Green Labels Make Going Green Easy


Shopping ethically as a student is not easy. Good intentions tend to get overridden by a desire to be in and out of Sainsbury’s with the maximum efficiency and the smallest dent in the overdraft. You might find yourself thinking, “I’ll buy ethically in the future, but I can’t afford it now”, or perhaps, “Green products are too hard to find – I’d buy them if I knew which ones they were.”

However, thanks to a new student-run initiative, issues like these will soon be a thing of the past. The Green Label Project has designed a set of labels to help you instantly identify the most eco-friendly products around the university, empowering you to start making those ethical, informed purchases right now.

In the coming weeks, the SUSU shop will introduce a new pricing system which will incorporate the Green Label symbols, as well as posters explaining what each symbol represents.

The labels are to identify:

Gluten Free

Products which don’t contain the protein gluten, usually found in wheat, rye and barley.




Nut Free

Products which don’t contain nut ingredients and are made in a nut-free environment.




I’m Vegan Friendly

Food products containing no dairy, eggs, meat, honey, beeswax or gelatine. Non-food products which explicitly state that they are not tested on animals.

I’m Well Packaged

Made from at least 50% recycled material. Buy these if you want to reduce your carbon footprint.

I’m a Local

Manufactured or grown locally. Buy these products to support local businesses and reduce your food miles.

It’s hoped that highlighting Vegan products will be of great benefit to the growing number of vegans and vegetarians around campus, but if you’re not one of them don’t be put off! You are probably consuming Vegan food and drink already – ‘accidently Vegan’ products include Kelloggs Frosties, Oreo Biscuits, Walkers Ready-Salted Crisps, and even Red Bull.

If you’re passionate about the environment then you might be purposely looking out for vegan produce. Any products containing meat or dairy require crops to be grown and transported for animal feed as well as the growth and transport of livestock itself. But vegan products don’t get transported to animals, reducing harmful emissions of CO2, Nitrous Oxide and Methane into the air, water and soil. With this in mind, the Green Label Project aims to encourage widespread purchase of vegan products, whether for just one meal a week, or as part of a dedicated lifestyle.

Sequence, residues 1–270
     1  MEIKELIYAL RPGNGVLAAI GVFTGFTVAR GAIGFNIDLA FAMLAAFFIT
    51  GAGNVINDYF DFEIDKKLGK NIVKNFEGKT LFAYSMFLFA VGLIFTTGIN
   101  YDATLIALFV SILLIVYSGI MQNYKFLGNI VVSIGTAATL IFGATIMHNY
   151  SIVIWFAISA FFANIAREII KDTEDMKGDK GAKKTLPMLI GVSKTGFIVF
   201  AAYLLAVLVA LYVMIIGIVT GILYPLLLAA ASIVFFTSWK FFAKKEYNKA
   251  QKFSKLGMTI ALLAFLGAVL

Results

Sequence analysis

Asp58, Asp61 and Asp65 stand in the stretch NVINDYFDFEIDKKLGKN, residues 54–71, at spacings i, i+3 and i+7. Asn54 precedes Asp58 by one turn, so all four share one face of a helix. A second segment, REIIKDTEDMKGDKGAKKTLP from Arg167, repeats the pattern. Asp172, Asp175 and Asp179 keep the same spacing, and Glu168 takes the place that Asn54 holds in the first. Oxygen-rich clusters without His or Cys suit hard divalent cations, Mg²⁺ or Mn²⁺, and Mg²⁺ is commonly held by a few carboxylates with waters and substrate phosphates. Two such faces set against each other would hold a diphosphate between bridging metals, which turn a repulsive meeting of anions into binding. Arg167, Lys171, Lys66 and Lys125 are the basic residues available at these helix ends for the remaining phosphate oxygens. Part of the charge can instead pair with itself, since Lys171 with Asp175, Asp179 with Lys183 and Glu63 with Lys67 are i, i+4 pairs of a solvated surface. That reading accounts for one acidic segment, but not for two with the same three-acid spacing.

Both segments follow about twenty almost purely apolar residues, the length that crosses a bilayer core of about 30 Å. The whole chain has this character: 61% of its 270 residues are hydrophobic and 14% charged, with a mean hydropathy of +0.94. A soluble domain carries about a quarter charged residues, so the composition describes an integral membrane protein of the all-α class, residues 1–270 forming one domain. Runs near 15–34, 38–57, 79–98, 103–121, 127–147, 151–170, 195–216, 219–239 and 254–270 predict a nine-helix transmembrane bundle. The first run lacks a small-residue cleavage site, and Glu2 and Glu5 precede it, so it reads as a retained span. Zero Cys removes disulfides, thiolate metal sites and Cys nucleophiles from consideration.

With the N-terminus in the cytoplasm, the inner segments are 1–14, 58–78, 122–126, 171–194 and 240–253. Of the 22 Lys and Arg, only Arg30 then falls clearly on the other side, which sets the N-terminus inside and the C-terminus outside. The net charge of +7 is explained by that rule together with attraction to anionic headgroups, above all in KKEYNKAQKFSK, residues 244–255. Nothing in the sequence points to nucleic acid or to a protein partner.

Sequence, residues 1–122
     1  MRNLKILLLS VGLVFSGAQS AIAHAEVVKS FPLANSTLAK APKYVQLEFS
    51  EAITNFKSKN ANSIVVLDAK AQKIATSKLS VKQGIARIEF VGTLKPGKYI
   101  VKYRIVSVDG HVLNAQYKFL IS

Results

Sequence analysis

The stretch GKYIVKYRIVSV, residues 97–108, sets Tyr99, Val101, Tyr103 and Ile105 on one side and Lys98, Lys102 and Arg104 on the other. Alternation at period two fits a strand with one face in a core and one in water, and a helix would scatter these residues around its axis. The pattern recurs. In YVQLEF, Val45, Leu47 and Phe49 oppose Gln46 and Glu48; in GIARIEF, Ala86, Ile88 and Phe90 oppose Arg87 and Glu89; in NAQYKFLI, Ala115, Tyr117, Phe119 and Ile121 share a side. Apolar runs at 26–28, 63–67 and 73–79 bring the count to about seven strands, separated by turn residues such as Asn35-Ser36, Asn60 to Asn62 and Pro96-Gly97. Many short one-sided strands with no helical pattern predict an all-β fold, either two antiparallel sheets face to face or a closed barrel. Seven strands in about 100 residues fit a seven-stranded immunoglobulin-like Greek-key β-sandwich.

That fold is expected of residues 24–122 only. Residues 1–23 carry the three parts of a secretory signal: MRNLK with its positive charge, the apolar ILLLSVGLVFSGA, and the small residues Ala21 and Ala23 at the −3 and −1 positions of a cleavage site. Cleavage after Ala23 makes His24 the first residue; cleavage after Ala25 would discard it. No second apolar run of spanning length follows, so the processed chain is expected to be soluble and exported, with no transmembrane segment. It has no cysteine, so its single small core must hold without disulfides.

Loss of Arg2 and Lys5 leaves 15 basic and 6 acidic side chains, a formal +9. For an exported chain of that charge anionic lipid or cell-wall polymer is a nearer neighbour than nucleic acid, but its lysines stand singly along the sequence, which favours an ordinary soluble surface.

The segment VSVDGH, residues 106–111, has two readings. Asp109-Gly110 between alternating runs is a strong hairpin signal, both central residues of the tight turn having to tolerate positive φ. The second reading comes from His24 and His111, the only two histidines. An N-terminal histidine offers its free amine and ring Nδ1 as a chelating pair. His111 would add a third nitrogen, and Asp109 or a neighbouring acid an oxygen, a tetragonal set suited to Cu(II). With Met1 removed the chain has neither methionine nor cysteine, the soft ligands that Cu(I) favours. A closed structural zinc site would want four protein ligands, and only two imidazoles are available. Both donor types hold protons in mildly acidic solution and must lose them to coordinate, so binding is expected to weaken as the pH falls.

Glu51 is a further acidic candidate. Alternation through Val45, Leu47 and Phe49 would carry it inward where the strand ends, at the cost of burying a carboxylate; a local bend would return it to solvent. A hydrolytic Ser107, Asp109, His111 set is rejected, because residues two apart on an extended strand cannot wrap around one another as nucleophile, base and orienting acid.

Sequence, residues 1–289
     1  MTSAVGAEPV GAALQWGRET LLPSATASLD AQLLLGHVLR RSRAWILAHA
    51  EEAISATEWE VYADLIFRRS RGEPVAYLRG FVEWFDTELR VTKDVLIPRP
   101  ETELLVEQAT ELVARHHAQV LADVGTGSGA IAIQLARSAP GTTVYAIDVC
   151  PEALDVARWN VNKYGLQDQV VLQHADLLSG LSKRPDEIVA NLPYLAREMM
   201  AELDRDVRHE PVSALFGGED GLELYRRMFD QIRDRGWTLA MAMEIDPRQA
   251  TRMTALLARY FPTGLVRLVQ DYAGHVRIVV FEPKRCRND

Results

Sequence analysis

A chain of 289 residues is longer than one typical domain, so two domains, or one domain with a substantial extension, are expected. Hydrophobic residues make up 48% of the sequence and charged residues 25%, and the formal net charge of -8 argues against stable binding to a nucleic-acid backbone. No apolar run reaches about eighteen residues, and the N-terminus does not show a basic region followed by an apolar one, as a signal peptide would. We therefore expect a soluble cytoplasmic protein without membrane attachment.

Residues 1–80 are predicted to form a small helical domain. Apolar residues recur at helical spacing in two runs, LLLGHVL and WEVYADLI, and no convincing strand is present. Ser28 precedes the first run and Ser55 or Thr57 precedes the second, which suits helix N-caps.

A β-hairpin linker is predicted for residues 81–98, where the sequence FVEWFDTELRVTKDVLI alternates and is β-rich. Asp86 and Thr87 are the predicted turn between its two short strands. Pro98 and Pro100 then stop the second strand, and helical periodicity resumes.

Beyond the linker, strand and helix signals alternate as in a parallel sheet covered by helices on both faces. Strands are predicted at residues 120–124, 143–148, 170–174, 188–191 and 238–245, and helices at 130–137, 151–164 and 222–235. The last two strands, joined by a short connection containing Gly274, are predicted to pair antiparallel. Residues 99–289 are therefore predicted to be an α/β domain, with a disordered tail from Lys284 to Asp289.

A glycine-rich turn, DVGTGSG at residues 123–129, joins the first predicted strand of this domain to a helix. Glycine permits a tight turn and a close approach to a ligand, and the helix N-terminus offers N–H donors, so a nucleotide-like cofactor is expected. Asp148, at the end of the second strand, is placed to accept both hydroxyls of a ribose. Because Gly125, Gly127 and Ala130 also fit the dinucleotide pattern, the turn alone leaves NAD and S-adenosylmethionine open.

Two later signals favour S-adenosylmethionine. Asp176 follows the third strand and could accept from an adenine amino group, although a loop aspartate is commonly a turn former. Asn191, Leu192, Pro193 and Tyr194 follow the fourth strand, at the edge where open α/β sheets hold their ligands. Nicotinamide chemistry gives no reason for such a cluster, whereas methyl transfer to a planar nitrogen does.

Along-side the ethically-themed labels, the project will also be identifying nut-free and gluten-free products in the shop.

1 in 50 people in the UK have a food allergy

According to Allergy UK, 1 in 50 people in the UK have a food allergy and 45% of the UK population suffer from food intolerances. For someone with allergies, food shopping can be complex and frustrating.  Even if a product looks like it should be free from allergens, there is often an element of risk in eating it, as manufacturers seem to throw around the ‘may contain’ label as a substitute for good hygiene practice. The new allergen food labels will hopefully alleviate a little of this stress and make shopping less of a scavenger hunt by directing allergic customers straight to the products which are safe for them to eat.

Because the ingredient information on products is subject to frequent change, these labels will only be placed on products which directly specify ‘Nut/Gluten-free’ on the packaging, rather than those which just don’t have nuts/gluten listed as an ingredient.

Did you know…

That sweet treats like Nestle KitKats and The Fabulous Baking Boys Muffins are Nut Free

As well as the products in the SUSU shop, the Green Label Project wants to make eating out at the university easier for those with dietary requirements. They plan to incorporate a key system into the Bridge Bar menu, which will highlight vegetarian, vegan and gluten-free meals, and flag up those which contain nuts. This way, people with specific requirements will be able to easily identify suitable meals, and in case of those with allergies, feel safe in the knowledge that the food they want will be carefully prepared.

The project is also encouraging both the SUSU shop and the Bridge Bar to stock more meals and products which are ethically-sourced and allergen-free. If there is a particular product that you and know and love which you think should be on sale in the shop, then email the suggestion to the Green Label Project, including the name of the product and the brand to the ethics and environment team.

Get involved – it’s never been so easy to be healthy and ethical around campus

George Crone

Equally, if you are passionate about ethical produce or allergen-labelling and think you’d like to volunteer for or give any feedback about the project, contact the Ethics and Environment team at:

The Green Label Project leader, George Crone says, ‘Get involved and help us make it easier for people to be healthy and ethical around campus. It’s never been so easy and rewarding to stick out your green thumb and make a lasting impact at the university.’

For tips on coping with an allergy at Uni, check out the Young Person’s section on



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